Appleton's Cyclopedia of American Biography, edited by James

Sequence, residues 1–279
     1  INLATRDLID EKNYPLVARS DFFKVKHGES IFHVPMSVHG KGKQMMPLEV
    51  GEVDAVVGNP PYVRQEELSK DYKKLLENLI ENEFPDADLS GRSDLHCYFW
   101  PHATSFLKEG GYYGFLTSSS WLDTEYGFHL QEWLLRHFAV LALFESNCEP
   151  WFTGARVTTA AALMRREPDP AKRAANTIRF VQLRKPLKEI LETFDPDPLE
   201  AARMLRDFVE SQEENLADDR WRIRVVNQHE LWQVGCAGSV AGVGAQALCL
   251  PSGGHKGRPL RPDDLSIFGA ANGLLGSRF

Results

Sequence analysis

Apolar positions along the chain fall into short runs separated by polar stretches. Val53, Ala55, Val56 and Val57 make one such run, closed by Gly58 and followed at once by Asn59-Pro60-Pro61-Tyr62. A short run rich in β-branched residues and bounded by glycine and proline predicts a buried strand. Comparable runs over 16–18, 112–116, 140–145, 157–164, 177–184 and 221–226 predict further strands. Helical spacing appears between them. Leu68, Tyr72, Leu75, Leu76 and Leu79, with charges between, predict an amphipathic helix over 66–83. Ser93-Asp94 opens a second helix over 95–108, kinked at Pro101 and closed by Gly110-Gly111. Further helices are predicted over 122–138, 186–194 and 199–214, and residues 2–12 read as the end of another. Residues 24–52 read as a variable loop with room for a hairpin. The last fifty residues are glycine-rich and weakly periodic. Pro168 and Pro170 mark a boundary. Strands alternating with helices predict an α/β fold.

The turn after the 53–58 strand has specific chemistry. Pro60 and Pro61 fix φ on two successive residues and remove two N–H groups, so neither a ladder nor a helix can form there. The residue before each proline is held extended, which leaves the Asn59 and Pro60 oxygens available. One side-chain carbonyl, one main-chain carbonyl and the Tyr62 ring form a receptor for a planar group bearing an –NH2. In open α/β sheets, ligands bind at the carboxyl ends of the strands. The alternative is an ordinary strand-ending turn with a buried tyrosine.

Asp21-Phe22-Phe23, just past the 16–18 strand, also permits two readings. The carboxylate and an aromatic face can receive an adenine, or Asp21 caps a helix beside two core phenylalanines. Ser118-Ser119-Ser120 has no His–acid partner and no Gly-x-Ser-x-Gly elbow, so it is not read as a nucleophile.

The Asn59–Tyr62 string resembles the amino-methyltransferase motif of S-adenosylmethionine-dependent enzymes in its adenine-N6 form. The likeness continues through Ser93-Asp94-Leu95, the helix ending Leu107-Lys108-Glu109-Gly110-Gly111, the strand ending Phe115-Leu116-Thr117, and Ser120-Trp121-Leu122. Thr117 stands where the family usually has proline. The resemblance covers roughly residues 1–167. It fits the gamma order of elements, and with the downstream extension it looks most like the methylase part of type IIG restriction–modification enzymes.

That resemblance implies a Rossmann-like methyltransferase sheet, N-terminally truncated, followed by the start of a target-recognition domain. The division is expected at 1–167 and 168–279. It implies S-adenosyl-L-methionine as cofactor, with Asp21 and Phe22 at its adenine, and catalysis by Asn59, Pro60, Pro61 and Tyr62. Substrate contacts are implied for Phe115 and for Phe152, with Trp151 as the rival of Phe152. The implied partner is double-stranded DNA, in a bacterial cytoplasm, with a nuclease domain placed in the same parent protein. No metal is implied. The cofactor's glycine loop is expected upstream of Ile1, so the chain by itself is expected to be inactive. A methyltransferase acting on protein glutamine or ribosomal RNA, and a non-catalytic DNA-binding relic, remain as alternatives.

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MONTGOMERY, Sir Robert, colonist, born in Skehnorie castle, Ayr, Scotland, about 1680; died in Ireland in August, 1731. He proposed as early as 1717 to plant a colony in Georgia, between Altamaha and Savannah rivers, and to this end purchased territory front the proprietors on condition that he should occupy it within three years. Concerning his purchase, he writes in commending it to public attention: " My design arises not from any sudden motive, but a strong bent of genius I inherit from my ancestors "; and he then proceeds to describe how certain members of his family had been interested in colonizing Nova Scotia, and others in establishing a settlement in South Carolina. It was proposed to call the colony the "Margravate of Azilia," and he further says that "Carolina, especially in its southern bounds, is the most amiable country of the universe; that nature has not blessed the world with any tract which can be preferable to it; that paradise with all her virgin beauties may be modestly supposed at most but equal to its native excellencies." According to his proposition, the country was to be divided into districts as population increased, each district to be twenty miles in length and width, surrounded by a square of fortifications. These were to be defended by garrisons, who should maintain themselves and the margrave by the cultivation of a strip of land one mile in width running around the square within the walls. Inside of this another strip, two miles in width, was to be reserved to furnish the defenders with farms of their own, rent free for life, after their term of service should be over. The remaining land was to be laid out in 116 smaller squares of one mile each, excepting for the highways that were to divide them, and in the centre of each square was to be its owners' residences. In the centre of the district there was a large square for a city, and at the corners there were others for great parks, each four miles square, in which were to be kept the cattle and game, while at the central point of all was to be the margrave's house. This ingenious scheme failed to excite the admiration its designer hoped for, and no emigrants appeared, in consequence of which, after the three years had elapsed, the proprietors resumed their ownership. See "A Discourse concerning the Designed Establishment of a New Colony to the South of Carolina, in the most Delightful Country of the Universe" (London, 1717).
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